By Erika Klein
The campaign to bring democracy and human rights to Afghanistan is still an ongoing uphill battle. NATO forces have been at war in Afghanistan since the invasion in 2001. Afghanistan hasn't had a moment's peace in decades. The current war being fought is the fifth phase of civil war, following a long history of power coups, bloody battles and terrorism that has left millions dead and scores homeless.
It was reported in the news recently that US military soldiers are taking their own lives in record numbers and the suicide rate is higher than that among the American population. Coincidentally, the suicide rate of Afghan women is at the highest its ever been, according to a human rights report by the Canadian Foreign Affairs department. Though the United Nations and other countries around the world have denounced certain practices of Shariah Law and traditional practices (e.g., rape in marriage, honor killings), Afghanistan's record on issues like women's rights, children's rights and poverty are among the lowest in the world. In a country marred by bloody violence and Taliban rule, the situation is dire.
It is precisely this desperation and hopelessness that is driving so many involved and affected by the conflict to suicide. About 30 percent of soldiers' suicides occur while deployed, the rest happen at home after returning from a tour of duty. Afghan women as young as twenty are setting themselves on fire and burning themselves to death. They see no other alternative to the war, oppression, and poverty they suffer on a daily basis. Thousands are suffering from severe post traumatic stress disorder. As for the orphans, they are left to the streets and orphanages and continue to endure through a grave humanitarian crisis, if they survive at all.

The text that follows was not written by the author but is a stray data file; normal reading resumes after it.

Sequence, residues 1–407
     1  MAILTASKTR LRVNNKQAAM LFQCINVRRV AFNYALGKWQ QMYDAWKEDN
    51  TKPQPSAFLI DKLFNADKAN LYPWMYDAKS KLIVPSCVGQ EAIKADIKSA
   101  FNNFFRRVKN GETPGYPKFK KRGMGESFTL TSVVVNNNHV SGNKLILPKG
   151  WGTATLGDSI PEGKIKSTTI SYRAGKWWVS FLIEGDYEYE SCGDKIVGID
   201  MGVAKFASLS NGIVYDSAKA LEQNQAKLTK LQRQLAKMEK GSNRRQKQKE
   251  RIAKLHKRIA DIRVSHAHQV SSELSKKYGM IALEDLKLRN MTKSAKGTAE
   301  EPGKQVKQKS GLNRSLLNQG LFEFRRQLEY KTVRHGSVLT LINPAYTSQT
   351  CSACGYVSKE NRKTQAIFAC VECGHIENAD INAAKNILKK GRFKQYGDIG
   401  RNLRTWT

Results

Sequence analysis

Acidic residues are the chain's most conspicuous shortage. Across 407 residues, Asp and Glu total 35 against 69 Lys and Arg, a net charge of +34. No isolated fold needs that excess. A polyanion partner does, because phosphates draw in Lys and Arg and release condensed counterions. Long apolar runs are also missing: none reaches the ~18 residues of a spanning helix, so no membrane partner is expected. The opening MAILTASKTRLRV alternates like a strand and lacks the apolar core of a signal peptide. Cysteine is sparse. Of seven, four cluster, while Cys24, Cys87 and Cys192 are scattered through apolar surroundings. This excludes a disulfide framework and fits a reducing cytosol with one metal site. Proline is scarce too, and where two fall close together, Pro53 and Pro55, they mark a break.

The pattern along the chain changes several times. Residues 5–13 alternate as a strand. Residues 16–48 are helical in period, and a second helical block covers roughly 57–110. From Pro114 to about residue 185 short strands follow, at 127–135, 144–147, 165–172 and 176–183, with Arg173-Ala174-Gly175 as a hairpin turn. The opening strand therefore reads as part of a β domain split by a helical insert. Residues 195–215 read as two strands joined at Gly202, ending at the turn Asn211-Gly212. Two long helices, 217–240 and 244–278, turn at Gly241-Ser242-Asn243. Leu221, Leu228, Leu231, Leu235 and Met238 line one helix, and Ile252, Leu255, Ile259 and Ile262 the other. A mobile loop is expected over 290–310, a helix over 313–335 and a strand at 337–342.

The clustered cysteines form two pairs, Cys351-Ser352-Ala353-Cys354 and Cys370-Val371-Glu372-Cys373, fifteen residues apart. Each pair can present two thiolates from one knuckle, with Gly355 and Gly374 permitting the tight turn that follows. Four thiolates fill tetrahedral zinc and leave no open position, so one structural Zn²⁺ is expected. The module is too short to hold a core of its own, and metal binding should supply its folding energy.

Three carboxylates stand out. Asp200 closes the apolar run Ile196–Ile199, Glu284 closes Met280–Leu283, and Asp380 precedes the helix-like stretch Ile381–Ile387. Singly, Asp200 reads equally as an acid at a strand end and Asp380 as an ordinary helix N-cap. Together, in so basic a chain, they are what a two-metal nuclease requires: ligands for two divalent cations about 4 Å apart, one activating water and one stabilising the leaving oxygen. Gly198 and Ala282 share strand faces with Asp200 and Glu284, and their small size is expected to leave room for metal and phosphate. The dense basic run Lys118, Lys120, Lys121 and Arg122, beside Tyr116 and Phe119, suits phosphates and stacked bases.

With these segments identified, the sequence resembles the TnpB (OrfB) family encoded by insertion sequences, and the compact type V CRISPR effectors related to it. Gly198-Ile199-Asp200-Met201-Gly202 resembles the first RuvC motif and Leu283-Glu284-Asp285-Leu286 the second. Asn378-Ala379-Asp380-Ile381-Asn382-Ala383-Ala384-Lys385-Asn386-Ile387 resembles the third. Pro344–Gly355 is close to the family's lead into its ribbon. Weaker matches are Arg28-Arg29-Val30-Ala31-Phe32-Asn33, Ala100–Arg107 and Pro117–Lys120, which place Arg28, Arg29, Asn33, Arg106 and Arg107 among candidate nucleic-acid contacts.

Generations of Afghans have only vague memories of peace. After Russian forces withdrew in 1989, Afghanistan's civil war raged on. And now, the Taliban continues to fight NATO forces. The newly elected democratic government is still controlled by ultra-Islamic traditions and warlords. And a resurgent production of opium from poppy cultivation is earning more revenue than ever before. It makes one wonder what is really going on. As an outsider looking in, it seems that every faction and stakeholder wants nothing more than power and control. Not a single party seems to have any thought or care to the people of Afghanistan. Surely the citizens of Afghanistan don't want to be ruled by the Taliban, and surely they dont want foreign occupation either.
President Obama recently ordered a record number of troops to the region and passed a military budget that was the highest in US history. Canada and other countries continue to assess whether a war can be won and debate how long troops should be engaged in battle. Many people are convinced this is a holy war or jihad, but I am convinced that any political or religious group will utilize whatever ideology fits their agenda for absolute power.
The death toll is in the millions. Women and troops alike are ending their lives because they see no end to the many injustices. I wonder how peace can ever be achieved and when the bloody massacres will end. In 2001, Afghanistan ranked lowest in the world for human development in all areas. Life expectancy, illiteracy, malnutrition to name only a few. It's 2010 and nothing has changed. How will world leaders work to end the war? How many more people will succumb to utter hopelessness? The need for peace has never been greater.